Economic Development of Caricom
From Early Colonial Times to the Present
Winston H. Griffith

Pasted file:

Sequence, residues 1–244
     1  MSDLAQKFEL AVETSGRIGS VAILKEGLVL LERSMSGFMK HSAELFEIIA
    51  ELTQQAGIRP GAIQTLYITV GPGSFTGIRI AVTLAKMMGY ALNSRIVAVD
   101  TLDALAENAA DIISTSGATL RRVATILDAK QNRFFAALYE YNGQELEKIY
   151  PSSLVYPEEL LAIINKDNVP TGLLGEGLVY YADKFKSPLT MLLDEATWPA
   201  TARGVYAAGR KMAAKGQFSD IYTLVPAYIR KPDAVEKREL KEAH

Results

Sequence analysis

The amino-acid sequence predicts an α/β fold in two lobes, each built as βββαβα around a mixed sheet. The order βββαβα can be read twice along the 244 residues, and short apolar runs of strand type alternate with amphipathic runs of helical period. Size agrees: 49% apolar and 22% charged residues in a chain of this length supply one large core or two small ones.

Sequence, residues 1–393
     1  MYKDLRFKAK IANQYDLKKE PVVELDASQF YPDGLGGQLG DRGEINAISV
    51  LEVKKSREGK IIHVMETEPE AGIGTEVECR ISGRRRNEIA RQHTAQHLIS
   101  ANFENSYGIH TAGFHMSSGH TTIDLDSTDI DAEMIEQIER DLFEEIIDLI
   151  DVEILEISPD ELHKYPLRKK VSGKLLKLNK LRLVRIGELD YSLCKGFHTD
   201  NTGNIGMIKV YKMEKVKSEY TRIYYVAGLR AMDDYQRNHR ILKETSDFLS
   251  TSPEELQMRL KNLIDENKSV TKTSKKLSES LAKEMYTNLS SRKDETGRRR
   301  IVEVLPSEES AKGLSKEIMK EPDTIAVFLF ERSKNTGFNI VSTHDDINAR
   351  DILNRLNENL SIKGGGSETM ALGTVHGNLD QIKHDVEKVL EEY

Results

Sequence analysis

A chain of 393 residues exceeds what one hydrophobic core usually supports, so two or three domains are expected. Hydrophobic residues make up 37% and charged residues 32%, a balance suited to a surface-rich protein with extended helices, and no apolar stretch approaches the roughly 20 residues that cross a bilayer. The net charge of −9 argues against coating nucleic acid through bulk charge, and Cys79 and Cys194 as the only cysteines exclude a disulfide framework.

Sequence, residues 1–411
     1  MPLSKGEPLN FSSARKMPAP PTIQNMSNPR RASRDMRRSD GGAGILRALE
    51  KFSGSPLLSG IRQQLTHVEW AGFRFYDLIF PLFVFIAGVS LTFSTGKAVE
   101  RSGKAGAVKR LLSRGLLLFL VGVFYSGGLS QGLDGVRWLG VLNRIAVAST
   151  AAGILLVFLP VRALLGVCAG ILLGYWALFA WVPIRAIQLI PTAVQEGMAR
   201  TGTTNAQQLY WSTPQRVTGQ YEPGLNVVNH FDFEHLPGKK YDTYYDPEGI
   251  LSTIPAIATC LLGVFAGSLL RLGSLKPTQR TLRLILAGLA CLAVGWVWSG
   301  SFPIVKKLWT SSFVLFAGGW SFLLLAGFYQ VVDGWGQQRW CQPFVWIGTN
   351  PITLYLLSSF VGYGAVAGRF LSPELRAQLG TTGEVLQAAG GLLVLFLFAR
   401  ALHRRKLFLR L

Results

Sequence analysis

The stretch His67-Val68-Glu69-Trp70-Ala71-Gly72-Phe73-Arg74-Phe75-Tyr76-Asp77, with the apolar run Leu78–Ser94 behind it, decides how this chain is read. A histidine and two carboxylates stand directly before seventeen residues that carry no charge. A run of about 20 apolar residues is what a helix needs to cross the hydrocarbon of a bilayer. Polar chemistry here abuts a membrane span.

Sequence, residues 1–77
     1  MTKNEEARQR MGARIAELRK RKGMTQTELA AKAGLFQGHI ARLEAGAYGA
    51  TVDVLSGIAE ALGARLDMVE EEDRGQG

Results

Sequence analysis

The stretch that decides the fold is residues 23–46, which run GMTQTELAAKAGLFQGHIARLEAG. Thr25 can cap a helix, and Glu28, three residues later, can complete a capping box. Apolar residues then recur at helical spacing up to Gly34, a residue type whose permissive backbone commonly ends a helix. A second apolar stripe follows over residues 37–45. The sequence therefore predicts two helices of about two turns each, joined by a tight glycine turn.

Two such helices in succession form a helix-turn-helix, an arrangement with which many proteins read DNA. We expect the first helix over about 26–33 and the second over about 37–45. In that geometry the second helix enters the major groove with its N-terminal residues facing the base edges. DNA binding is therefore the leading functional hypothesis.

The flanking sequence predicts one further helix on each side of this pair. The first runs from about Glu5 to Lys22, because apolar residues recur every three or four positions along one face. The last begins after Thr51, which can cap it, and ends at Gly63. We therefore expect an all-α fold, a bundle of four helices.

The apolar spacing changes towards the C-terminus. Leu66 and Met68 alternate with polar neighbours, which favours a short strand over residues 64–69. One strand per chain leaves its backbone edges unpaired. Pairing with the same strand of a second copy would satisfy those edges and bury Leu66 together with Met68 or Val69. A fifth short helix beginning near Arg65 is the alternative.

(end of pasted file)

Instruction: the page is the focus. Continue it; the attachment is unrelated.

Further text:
The early pioneers of development attributed the poor economic and social conditions in less developed nations to cultural and environmental elements. Some argued that their small size was also a contributing element. In the latter decades of the twentieth century proponents of the neoclassical counterrevolution shifted the focus to the dirigiste policies of governments. Taking a heterodox approach, however, this study argues that the persistent low level of development in CARICOM nations is due to their being utilized as global agricultural and manufacturing production platforms, their enduring colonial economic and social structures that have slowed down economic transformation, the negative attitudes of classes, the anti-development policies of some governments and, since the human element provides the motor forces that ultimately drive development, their failure to accumulate an adequate pool of knowledge skills that are now dominating production processes in the new global economy.